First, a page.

Social self-consciousness may reach its zenith in middle school, but intellectually we are at our most insecure in college. On view at the Art, Design & Architecture Museum (A&AD) at the University of California, Santa Barbara, the exhibition Walter S. White: Inventions in Midcentury Architecture hands out a humbling reminder of our freshman ignorance. On the subject of White—a remarkably prolific architect and inventor working in Colorado and the Coachella Valley—midcentury monographs and weekend tours in Palm Springs have taught us almost nothing.
However embarrassing, White’s omission is at least explainable; born in San Bernardino in 1919, his career does not form a tidy resume of the sort normally favored by employers and curators. Attending school for only a brief time and with limited success, he parlayed his drafting skills and early familiarity with construction into works for Los Angeles firms whose names are no longer familiar.
Through 1942, White’s career could best be described as inconspicuous. His short stints in the offices of notable architects such as Rudolph Schindler and Harwell Hamilton Harris do not to appear to have been associated with important contributions or works. Rather than exaggerate his place next to acknowledged masters, the curators place this period of apprenticeship where it belongs— among dozens of more banal events preceding his independent career, such as the award that he received for architectural lettering at the California State Fair. In the context of this exhibit, it is an artifact at least as important as the names of his famous employers.
The exhibition is arranged into five sections: Early Career, Small Houses, Large Houses, Design Innovations, and Building with Nature—each is given a wall of detailed plans, photos, and elevations, and a display of associated ephemera. Models are absent except for a small card stock vignette of a roof. A commissioned reconstruction of a corner of one of his buildings sits in the center of the gallery and mostly serves to break up the size of an enormous room in which the detail of the drawings would otherwise be lost.
The curatorial intent seems clear enough; White was a professional engaged in the craft of designing and innovating through orthographic drawing, and his work is best understood with one’s nose at the wall. His design interests are apparent from what is registered on blueprint and vellum—the seasonal path of the sun, or an arc annotated “panoramic view of Pikes Peak Massif.”
One unpedigreed career stop does deserve note. In 1942, White took a job at Douglas Aircraft as a machine tool designer, which appears to have exposed him to methods of construction outside of conventional architecture, and reinforced an early inclination for detail. After Douglas and a short stint with Clark and Frey, White established his own practice, and the commissions become more varied and innovative—at first tentatively and then with the courage of someone who believes that while unconventional, what they are drawing is objectively better.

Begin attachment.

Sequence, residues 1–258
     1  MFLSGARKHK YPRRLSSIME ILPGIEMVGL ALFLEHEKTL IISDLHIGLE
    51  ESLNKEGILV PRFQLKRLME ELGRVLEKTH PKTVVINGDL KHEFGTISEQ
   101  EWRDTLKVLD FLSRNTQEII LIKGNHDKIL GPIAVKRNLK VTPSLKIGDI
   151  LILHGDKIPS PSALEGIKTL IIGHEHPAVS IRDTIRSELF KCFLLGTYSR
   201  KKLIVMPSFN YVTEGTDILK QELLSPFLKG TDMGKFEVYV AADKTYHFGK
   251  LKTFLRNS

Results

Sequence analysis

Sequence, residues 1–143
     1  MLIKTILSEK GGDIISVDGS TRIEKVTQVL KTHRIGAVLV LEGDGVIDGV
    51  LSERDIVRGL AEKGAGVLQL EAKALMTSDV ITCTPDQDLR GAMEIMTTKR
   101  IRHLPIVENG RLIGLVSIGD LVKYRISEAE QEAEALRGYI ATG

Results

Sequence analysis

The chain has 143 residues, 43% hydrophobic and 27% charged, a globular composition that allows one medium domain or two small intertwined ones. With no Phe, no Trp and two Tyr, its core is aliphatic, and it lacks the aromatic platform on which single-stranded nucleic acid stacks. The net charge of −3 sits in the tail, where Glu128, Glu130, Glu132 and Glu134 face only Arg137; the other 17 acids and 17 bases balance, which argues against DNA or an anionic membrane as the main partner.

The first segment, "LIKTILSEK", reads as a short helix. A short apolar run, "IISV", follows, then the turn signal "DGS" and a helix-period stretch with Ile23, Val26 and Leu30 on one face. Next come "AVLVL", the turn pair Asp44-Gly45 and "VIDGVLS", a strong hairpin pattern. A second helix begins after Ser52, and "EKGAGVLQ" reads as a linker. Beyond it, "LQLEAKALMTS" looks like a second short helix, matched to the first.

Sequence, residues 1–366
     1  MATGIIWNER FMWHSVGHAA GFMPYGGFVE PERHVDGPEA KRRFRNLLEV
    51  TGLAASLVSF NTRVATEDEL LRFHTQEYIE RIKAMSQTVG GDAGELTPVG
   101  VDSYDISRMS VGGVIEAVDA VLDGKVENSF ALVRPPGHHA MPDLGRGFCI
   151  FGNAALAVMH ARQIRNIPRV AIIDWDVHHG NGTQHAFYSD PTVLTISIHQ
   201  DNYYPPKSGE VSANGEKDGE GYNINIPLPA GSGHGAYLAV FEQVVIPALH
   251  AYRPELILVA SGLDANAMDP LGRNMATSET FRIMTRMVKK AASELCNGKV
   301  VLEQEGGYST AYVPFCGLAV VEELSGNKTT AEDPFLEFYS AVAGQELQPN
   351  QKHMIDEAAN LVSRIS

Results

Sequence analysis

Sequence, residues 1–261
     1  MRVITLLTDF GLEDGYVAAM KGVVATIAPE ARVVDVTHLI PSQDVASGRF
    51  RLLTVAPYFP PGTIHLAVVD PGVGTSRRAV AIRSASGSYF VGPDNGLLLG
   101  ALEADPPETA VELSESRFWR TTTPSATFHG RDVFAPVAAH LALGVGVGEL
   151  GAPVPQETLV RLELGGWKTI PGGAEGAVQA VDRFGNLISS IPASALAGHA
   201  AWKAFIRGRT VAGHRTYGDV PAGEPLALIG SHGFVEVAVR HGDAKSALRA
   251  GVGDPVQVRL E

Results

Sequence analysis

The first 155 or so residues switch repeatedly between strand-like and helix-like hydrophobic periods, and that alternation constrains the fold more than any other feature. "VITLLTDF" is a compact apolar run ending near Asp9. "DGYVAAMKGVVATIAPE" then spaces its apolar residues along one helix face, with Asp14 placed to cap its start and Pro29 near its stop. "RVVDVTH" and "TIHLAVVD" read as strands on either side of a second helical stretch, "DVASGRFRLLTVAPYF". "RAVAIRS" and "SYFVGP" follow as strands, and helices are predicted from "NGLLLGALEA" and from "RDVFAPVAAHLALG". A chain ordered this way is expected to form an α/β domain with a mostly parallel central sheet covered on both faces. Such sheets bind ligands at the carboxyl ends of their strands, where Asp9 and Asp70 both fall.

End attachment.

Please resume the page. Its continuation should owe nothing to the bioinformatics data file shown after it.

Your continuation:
Later, still working primarily on residential architecture, he devised and patented the steel-framed hyperbolic paraboloid roof structure suitable for airplane enclosures as well as residences that was most notably used in his striking Willockson House from 1958. Dramatic roofs were the big formal move in most of his work. White continued to tinker with techniques to make their construction simpler and minimize their constraints on the underlying plan.
This yen to improve seems not to have been entirely rewarded—the exhibition is sprinkled with darting references to cost overruns, unhappy clients, and projects going unrealized. Nothing suggests that these setbacks left White dispirited, but it is impossible not to wince, seeing his careful drafting etch out “Industrial Designer—Not an Architect” on the title block a design in which he was obviously invested.
White eventually became licensed and earned some regional fame, yet his work escaped posthumous recognition. It’s too bad; most of the best experiences of the designed world come from architects like White, the ones tinkering in the background.
The AD&A has a history of mounting exhibitions on minor players who made major impacts. We should be grateful to the museum for refusing to let us forget them in favor of noisier contemporaries. This show is a great reminder that occasionally, we, like White, should sometimes leave Los Angeles behind. There is much to be learned from an architect who had no significant commissions in Los Angeles, left behind no single iconic work, but instead left his mark on Palm Desert and Colorado Springs with hundreds of remarkable residences that elevated the ambitions of modern vernacular housing.